SECRETARY RICE: (Off-mike.)

QUESTION: Nabil Abu Rdainah, one of the spokespersons of the Palestinian Authority, I don’t know – that the gulf was still very wide between the Israelis and the Palestinians and that they didn’t even see eye to eye on what the end goal was. Like, what exactly are they trying to reach – a principle agreement or framework agreement, or he seemed to think --

SECRETARY RICE: With all due respect to spokesmen –

MR. MCCORMACK: Some are better than others. (Laughter.)

SECRETARY RICE: I’ve had extensive discussions with them and it has helped to build my confidence in what they’re doing. I would be the last to say that, you know, an agreement is going to pop forward tomorrow and, you know, they’ve got a lot of hard issues. But there is a – what they’re trying to balance – and we talked some about the perception that they’re just having endless talks. They simply don’t see it that way.

And I don’t know how much they’re communicating to how wide an audience that they see -- how they see their own talks. But they understand that there is – that the absence of a lot of activity and a lot of public activity, let me put it that way – makes people wonder whether anything is going on. They have to balance that against the fact that they’re trying to talk about some very, very sensitive issues where, not surprisingly, people don’t want to prejudice their positions by having a big public discussion of what they’re talking about.

You know, negotiations used to be done in a way that people could actually talk without it being expected that, every day, there was going to be a report on what they did or did not agree to. And I would just ask you to go back and look at some of the most successful negotiations between them. Oslo, for instance, was really not known to have been agreed until the last moment. It wasn’t really even known that they were meeting until the last moment.

And that may be a lesson that the more public exposure there is of what they’re talking about, how often they’re talking, how much progress they’re making -- which I fully understand that everybody would like to know because everybody’s got a big stake in the outcome – could ultimately harm the ability to actually get to an agreement. And I think they know precisely what they’re trying to do. They’re trying to get to an agreement by the end of the year that is going to resolve the core issues.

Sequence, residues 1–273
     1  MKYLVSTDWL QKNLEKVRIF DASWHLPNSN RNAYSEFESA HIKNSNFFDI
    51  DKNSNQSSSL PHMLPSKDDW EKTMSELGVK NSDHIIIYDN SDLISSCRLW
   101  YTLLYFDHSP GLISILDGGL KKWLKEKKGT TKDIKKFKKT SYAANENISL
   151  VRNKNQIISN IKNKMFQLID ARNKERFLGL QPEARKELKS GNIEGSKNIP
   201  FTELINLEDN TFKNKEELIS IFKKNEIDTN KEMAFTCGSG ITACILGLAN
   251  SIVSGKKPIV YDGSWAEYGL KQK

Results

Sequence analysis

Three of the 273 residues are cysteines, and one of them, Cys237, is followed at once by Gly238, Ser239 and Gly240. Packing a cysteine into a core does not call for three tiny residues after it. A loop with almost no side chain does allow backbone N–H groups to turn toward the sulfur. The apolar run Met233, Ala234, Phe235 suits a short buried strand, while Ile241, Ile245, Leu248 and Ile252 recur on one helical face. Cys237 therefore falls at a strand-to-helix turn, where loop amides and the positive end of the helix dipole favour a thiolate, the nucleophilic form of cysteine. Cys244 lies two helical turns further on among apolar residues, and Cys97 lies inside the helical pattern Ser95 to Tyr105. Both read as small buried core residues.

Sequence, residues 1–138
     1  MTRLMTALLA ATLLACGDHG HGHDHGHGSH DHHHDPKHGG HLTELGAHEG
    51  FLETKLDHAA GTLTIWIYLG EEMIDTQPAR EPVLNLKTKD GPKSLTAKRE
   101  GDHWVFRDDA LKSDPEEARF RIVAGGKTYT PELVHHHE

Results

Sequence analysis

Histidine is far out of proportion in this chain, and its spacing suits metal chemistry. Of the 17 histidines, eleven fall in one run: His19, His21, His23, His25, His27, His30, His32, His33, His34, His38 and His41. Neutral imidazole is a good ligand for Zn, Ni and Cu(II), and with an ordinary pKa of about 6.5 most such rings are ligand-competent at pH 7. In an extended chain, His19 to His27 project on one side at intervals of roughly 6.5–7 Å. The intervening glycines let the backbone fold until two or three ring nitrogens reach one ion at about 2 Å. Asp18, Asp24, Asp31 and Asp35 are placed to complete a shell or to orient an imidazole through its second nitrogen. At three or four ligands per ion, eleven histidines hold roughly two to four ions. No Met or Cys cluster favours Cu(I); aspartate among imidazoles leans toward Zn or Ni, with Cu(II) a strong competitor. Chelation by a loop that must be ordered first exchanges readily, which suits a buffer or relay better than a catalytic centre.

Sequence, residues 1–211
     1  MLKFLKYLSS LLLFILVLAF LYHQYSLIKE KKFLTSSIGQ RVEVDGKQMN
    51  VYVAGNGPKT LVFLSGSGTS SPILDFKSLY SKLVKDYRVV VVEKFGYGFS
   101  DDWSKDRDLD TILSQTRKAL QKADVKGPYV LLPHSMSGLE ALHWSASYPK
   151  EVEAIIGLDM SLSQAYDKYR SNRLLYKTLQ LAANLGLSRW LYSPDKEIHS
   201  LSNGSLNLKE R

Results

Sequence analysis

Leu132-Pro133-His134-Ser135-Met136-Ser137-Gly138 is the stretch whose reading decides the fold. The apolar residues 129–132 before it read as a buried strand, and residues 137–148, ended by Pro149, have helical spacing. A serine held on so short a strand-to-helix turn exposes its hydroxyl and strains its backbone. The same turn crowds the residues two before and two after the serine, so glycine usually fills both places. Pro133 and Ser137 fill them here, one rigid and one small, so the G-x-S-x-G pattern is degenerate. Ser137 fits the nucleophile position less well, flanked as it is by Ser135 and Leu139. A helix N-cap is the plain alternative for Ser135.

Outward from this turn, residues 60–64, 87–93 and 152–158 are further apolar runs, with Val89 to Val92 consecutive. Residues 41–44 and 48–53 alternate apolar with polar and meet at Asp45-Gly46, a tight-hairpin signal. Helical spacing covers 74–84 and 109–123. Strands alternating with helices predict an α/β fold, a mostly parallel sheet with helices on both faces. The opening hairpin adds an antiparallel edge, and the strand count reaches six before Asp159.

So, it is a dilemma how to satisfy the desire of the international community and interested parties to know that it’s making progress, not to mention interested parties like the Palestinians and the Israelis themselves, at the same time giving them the space to negotiate so that they don’t feel that they have to answer for every point of agreement or point of disagreement. So, I think that’s the dilemma, but we did have a long discussion about that, and all that I can tell you is that they’re serious people and they think they’re going about it in the right way.

QUESTION: Can you speak a little bit about what President Bush’s role is going to be beyond the pure ceremonial since it’s less than two weeks away now? And have you learned anything more about the Egyptian mediation role, what’s – what has that been achieving?

SECRETARY RICE: Again, I’ll let the Egyptians speak to their diplomacy. When it comes to President Bush’s role, first of all, he’s going to come and celebrate the anniversary of Israel’s founding. And he’s going to pay full attention to that because I think it’s very important that we do that with strong allies. He also will have an opportunity to talk to the key Arabs about support for the process. And I’m quite sure he’ll talk to the parties as well about the progress that they’re making.

But there’s a meeting today between Olmert and Abbas. There are more meetings between Livni and Abu Ala between now and then, so I think it’s a little early to tell what the President may or may not be asked to do.

QUESTION: Madame Secretary, I’ve just a few questions about this. What prompted the need for the breakfast meeting with Olmert this morning, and was there anything in particular? And when you talk about the roadblocks and the examination and having monitors talk to villagers, hasn’t that already been underway? Isn’t that what prompted this concern in the first place? It almost sounds like a study that could just go on forever and stretches out the time.

And just one other, is that, on the Egyptian and Israeli-Palestinian talks, there was that statement in the Quartet statement encouraging them to come up with new approaches on Gaza. Did they have anything in particular in mind, any ideas on that?

SECRETARY RICE: First, to the Quartet statement, there was really nothing new in the Quartet statement. It was encouraging the Egyptians to take up – the Egyptians, the Israelis and the Palestinians to take up ideas that the Quartet has referred to before, for instance, doing something about the humanitarian situation, doing something about the crossings in a more sustained manner. I think in the last Quartet statement, we had referred to the idea Salam Fayyad has had about getting back to the November 2005 agreement with Palestinians at the crossings. But there -- this was really a kind of summary statement that said, you know, we need a more sustainable answer for Gaza. That’s what that was referring to.